For the third time in three years, the federal government is on the brink of a shutdown that could wreak havoc on the lives of tens of thousands of workers in the D.C. area.
Members of Congress have until midnight Thursday to pass a budget and avert trouble for many local families.
This time, there are several battles going on at once, over whether to approve a huge infrastructure plan, over how and when to raise the debt ceiling, and over how to fund the government.
Rep. Abigail Spanberger (D-Virginia) said she’s hoping to help avert a shutdown.
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“A government shutdown puts us behind every time as a nation, every time it happens. It is also just a terrible impact on the lives of the individual federal employees who are working hard,” she said.
A shutdown would force the closure of many federal offices and send nonessential federal workers home without pay until there’s a resolution. It also would shutter federal parks and programs.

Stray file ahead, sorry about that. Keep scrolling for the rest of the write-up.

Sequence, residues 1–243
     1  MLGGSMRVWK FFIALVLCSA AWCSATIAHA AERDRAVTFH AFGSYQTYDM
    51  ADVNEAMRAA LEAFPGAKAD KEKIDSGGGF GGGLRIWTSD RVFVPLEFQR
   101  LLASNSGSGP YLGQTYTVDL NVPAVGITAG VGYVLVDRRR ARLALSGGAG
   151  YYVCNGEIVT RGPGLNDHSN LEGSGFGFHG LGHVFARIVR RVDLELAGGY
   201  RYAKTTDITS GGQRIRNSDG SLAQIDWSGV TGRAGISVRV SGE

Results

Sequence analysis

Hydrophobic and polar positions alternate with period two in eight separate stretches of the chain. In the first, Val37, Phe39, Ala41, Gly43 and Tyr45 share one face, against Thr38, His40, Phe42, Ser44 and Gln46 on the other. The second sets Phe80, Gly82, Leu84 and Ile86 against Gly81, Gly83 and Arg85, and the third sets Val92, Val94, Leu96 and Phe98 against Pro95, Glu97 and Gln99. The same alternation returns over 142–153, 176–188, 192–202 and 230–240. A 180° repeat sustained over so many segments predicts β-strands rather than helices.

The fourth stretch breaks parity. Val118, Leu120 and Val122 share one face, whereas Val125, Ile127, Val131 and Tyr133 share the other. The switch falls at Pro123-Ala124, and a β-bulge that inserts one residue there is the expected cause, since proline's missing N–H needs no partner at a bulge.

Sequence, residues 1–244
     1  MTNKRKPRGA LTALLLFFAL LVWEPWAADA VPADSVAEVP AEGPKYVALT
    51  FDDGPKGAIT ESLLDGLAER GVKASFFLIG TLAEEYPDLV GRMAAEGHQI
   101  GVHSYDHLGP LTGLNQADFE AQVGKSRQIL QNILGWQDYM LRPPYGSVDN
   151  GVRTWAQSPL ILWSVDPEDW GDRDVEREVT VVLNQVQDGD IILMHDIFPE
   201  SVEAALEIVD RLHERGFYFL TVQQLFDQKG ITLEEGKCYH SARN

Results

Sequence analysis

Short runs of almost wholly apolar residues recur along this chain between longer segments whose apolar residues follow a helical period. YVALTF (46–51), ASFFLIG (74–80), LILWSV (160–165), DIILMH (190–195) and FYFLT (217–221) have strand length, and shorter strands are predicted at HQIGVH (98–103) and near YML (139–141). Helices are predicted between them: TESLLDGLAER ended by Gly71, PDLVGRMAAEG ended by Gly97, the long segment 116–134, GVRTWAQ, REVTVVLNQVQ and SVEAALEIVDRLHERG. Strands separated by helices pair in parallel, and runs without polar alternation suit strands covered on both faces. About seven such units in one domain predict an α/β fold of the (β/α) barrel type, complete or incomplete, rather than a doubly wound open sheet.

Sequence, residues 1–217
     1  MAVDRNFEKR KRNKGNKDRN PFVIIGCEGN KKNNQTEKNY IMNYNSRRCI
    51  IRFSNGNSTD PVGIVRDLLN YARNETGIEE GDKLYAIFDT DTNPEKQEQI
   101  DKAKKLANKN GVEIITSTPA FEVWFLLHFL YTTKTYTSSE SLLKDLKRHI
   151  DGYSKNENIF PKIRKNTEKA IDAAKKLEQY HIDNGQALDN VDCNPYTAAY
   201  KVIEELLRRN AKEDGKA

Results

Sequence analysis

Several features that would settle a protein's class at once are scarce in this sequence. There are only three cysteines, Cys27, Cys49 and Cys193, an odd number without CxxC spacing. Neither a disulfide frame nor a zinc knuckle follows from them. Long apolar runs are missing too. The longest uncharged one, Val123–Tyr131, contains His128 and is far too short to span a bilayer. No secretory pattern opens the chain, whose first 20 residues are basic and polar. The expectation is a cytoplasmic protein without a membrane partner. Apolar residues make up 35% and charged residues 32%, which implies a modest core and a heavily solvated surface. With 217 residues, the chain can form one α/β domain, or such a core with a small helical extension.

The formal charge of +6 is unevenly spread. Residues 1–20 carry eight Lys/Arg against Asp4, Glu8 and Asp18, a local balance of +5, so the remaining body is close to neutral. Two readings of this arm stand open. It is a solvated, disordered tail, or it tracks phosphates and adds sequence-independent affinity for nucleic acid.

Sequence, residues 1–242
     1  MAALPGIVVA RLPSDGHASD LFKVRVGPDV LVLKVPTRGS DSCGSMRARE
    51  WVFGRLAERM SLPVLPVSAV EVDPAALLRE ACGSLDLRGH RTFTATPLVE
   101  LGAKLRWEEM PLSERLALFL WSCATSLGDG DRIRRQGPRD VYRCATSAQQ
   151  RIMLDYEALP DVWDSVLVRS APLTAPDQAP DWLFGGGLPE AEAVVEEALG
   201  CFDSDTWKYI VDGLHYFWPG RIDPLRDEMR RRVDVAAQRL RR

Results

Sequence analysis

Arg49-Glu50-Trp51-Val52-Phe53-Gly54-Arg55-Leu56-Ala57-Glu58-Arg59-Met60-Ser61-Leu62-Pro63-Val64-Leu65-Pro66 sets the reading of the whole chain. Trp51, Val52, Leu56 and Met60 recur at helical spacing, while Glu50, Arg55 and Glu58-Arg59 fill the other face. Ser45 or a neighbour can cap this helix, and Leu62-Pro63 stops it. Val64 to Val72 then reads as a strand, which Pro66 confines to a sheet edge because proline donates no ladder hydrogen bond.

It could have a financially crippling impact on many families in the D.C. area, the head of one of the major federal workers’ unions said.
“This could be really tricky because many of our members are living paycheck to paycheck,” said Everett Kelley, president of the American Federation of Government Employees. “Unless their creditors and landlords agree to work with them, this could be very devastating.”
Some business owners on Capitol Hill were worried about a potentially huge financial blow.
“I think we’re gonna lose a lot of our customers — walk-in customers from the Capitol up to here, and I think that’s gonna affect our business,” said Yaser Joudeh, manager of the Pennsylvania Avenue restaurants Good Stuff Eatery and We, The Pizza.
The businesses that employ about 50 people were bracing for losses of up to 30%, Joudeh said.
The sisters behind The Furlough Cheesecake shop, in National Harbor, said they were all too familiar with government shutdowns. Nikki Howard and Jaqi Wright, former government employees, turned their side hustle baking cheesecakes into a bigger business after they were furloughed in 2018.
They had this advice: “Don’t necessarily focus on the problem. There are always problems looming. What you need to do is look inside and figure out, What can I do to get by?”
Both chambers of Congress are in session until midnight Thursday night. If they don’t cut a deal, Friday morning could be very quiet on Capitol Hill.